Still grouping and spreading .
I get there is a lot of mixed messages around the science . One week we are told herd immunity , get to the Rugby. The next week the same officials say the science indicates otherwise. It’s been sufficient in sending out very mixed messages making the public rightly think they don’t know much at all . Then they refuse to comply .

I have acted in ways I can have a clear conscience with . I would hate to infect someone due to my lack of due care and that I find stressful . Knowing what best to do .

It’s a mind field right now to digest it all .

Take care ,
Stu
supporter to my mum who lives a great life despite a difficult diagnosis
stage4 2009 significant spread to liver
2010 colon /liver resection
chemo following recurrence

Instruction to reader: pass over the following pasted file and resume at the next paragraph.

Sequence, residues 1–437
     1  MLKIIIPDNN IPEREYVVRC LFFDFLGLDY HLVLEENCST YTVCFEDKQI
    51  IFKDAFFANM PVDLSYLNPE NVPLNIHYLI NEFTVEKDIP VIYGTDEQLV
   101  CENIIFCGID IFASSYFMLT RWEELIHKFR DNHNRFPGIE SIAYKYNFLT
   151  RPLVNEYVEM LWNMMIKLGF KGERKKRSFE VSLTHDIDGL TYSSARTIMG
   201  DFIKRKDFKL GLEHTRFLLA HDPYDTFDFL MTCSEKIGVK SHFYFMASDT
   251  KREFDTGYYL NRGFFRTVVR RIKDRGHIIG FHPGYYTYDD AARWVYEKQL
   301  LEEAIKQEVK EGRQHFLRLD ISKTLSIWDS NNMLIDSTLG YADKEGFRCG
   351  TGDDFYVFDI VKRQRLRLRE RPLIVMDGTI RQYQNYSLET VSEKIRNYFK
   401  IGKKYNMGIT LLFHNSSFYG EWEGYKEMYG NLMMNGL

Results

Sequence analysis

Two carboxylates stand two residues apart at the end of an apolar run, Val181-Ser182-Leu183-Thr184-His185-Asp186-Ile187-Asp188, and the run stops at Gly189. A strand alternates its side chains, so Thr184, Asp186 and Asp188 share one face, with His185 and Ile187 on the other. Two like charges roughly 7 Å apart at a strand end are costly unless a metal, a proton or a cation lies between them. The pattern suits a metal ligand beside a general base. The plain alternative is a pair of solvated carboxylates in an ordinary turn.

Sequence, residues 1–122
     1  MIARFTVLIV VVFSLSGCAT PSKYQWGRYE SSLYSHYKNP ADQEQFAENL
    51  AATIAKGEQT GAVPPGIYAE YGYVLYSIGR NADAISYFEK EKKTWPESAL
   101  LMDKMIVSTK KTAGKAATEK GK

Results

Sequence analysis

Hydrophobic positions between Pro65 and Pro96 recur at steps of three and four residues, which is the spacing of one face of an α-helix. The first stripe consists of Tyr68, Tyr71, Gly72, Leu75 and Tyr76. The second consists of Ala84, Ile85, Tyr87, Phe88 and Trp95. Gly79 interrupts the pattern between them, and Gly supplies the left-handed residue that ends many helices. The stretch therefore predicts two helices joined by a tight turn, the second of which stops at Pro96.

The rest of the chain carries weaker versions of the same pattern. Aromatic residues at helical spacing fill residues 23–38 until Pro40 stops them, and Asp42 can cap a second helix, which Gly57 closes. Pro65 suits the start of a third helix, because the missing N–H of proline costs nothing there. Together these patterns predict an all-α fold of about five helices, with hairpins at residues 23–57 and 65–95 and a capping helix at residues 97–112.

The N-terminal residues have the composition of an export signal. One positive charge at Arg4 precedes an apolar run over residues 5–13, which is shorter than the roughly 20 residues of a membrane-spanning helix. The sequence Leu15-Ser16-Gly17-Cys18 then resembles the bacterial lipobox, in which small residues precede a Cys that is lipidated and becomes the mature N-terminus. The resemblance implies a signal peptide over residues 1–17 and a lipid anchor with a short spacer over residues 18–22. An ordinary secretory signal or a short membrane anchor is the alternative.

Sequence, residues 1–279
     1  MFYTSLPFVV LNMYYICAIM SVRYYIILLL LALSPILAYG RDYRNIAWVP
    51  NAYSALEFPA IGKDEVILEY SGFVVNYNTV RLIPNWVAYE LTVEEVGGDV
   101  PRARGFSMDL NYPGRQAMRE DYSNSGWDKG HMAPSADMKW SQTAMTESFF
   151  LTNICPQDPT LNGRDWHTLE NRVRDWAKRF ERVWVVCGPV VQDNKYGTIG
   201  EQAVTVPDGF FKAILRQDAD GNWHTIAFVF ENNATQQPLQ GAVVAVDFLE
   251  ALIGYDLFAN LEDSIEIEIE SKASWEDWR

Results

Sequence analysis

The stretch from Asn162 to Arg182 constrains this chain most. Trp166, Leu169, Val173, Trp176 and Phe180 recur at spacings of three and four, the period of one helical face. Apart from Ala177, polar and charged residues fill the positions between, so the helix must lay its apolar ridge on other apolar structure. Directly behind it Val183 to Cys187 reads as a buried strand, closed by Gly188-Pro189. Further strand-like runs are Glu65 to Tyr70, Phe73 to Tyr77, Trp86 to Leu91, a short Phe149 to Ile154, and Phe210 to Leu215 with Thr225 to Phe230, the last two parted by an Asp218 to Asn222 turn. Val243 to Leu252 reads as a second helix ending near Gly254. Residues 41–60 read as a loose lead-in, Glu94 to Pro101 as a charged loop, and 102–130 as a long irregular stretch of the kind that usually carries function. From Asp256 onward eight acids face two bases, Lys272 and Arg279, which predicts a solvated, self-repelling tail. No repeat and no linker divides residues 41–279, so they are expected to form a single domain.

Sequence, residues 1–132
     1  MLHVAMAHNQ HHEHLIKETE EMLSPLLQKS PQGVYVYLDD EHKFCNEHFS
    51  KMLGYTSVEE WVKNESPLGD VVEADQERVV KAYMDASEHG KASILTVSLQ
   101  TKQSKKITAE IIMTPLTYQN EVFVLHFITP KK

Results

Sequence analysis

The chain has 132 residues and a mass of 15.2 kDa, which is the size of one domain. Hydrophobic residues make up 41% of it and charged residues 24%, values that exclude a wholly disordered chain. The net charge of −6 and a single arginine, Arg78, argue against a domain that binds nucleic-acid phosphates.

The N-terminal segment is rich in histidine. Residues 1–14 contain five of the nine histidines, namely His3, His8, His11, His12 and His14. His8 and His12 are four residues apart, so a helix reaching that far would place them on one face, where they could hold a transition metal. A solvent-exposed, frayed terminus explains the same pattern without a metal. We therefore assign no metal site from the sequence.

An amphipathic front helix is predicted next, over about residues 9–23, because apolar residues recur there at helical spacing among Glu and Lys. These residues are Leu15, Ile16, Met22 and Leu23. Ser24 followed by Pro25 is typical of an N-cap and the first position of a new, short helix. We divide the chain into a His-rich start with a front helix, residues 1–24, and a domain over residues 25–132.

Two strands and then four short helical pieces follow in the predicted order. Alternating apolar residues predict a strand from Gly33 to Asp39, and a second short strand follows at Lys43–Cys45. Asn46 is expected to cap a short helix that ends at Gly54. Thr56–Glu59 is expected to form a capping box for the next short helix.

73% of liver removed
enjoying life treatment free
2016 lung resection
Oct 2017 nice clear scan . Two lung nodules disappeared
Oct 2018. Another clear scan .

Siti
Posts: 155
Joined: Thu Aug 01, 2019 10:58 am

Re: Scary times . . .

Postby Siti » Sun Mar 22, 2020 11:52 am

I fully agree with Stu. As a caregiver, I feel that I need to be responsible if the general public is still taking it easy and meeting up in groups. If it wasn’t for my husband’s diagnosis, I would be willing to sacrifice myself for the benefit of “herd immunity” so that I can contribute in protecting the weak.